Based on the relative contributions of cropland area and synthetic fertilizer N application rate changes to fertilizer input (Fig 4), the main factors influencing the changes in fertilizer N application rate and cropland area were further analyzed. The increase of fertilizer application rate in croplands with low fertilizer N application rate in 2000 contributed to the increase of fertilizer N application rate in upper and middle reaches (Table 2). However, in lower reaches, the decrease of fertilizer N application rate and cropland area due to urbanization lead to the decrease of fertilizer N input (Table 2). These results were similar to the study in the lower reaches of Yangtze River Basin, For example, rapid urbanization and industrialization of Jiangsu Province (in the lower reaches) occupied rice paddy fields and dryland [21]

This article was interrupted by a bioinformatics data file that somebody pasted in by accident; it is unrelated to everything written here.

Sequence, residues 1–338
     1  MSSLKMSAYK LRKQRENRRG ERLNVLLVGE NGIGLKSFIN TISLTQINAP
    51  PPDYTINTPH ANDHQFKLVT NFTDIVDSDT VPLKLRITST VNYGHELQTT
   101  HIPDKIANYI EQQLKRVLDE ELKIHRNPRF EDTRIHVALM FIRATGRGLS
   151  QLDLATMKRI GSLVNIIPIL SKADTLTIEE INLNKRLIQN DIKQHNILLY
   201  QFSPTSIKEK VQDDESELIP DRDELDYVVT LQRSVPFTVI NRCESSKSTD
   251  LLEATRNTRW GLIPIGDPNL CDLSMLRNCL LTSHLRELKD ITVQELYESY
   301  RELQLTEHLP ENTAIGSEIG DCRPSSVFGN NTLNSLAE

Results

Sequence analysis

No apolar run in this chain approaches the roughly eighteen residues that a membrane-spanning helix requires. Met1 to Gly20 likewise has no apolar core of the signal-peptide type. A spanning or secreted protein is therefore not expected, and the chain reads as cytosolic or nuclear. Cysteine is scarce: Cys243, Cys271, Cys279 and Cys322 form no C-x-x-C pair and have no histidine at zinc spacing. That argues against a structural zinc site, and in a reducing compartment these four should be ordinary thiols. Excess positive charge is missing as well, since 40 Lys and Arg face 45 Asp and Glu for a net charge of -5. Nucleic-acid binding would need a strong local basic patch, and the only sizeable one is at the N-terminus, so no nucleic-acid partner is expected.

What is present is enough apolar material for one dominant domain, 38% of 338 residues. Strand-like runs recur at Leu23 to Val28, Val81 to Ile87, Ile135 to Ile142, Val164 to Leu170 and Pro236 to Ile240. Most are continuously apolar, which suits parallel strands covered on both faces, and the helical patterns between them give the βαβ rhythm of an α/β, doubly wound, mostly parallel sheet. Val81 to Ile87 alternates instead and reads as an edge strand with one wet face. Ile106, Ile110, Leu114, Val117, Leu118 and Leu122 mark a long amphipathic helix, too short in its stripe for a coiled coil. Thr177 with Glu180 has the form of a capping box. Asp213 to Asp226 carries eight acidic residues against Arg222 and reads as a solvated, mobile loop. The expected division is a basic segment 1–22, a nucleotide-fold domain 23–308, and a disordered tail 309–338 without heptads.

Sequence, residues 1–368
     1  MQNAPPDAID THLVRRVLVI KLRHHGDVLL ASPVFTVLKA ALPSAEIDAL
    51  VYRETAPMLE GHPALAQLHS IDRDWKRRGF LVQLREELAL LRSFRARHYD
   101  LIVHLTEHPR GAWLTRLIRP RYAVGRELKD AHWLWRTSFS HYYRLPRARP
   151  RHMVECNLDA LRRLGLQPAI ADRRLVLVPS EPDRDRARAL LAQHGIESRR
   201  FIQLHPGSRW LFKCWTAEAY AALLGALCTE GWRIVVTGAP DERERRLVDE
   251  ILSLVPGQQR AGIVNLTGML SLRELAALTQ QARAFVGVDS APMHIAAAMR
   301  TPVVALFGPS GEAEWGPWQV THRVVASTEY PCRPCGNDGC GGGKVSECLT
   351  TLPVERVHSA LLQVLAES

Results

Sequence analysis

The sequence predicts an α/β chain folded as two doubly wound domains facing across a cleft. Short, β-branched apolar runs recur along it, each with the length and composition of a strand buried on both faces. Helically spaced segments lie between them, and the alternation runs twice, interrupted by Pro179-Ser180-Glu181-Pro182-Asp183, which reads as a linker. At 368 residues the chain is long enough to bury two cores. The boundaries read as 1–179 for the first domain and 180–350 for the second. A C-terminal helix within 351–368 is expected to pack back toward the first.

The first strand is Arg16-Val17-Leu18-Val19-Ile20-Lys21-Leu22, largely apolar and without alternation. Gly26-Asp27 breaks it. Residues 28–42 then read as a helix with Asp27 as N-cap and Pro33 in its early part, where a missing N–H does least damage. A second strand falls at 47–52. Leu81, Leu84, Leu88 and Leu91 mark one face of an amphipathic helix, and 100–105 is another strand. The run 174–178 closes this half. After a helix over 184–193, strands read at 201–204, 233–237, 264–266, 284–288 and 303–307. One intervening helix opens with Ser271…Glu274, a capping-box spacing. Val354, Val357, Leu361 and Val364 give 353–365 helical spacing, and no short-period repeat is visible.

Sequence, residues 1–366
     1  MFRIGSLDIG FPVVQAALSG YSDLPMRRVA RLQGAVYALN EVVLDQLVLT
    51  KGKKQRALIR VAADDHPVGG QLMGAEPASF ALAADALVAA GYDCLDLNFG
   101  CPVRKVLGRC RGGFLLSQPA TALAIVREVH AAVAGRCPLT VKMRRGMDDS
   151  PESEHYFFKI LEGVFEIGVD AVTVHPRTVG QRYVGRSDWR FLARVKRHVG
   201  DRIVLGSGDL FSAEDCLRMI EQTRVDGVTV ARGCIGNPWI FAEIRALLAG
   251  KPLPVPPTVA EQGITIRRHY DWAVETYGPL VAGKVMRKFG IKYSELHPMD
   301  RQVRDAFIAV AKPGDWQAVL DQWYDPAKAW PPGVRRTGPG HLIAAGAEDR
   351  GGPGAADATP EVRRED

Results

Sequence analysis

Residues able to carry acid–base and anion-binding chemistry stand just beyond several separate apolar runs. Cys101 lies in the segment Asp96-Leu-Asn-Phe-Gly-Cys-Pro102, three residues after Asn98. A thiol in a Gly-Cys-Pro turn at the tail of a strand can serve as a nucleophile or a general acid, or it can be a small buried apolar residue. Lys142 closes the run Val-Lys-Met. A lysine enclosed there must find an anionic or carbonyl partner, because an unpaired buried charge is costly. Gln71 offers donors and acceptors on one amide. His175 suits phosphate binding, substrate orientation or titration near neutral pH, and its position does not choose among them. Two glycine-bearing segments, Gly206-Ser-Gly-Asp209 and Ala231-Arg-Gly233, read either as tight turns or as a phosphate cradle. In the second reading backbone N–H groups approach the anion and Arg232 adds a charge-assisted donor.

Quantitative analysis of the contributions to fertilizer N input can also provide important information for spatial management of risk decrease in the agricultural environment. In the upper and middle reaches, the focus should be on monitoring and optimization of fertilizer N application rate [47,48], especially in croplands that previously had low fertilizer N application rate during agricultural development. Moreover, recent study suggested that joint study of N and phosphorus is important to understand surplus and balance and improve their use efficiency [49]. It is also necessary to clearly understand the relationship between N inputs and possible N yield [48]. In the lower reaches, the focus should be on the impacts of urbanization on agricultural production. These conclusions are in accord with a study of net anthropogenic N inputs in the upper Yangtze River Basin, in which fertilizer N input decreased with increased urbanization in the city of Chengdu [50]. The strictest farmland protection system should be implemented to prevent the decline of arable land and basic farmland area, it plays an important role in farmland protection. In addition, spatial differences in crop composition and crop management strategies may also be responsible for spatial differences in fertilizer N input, NSI and NUE [20,47,51], and these should be analyzed further.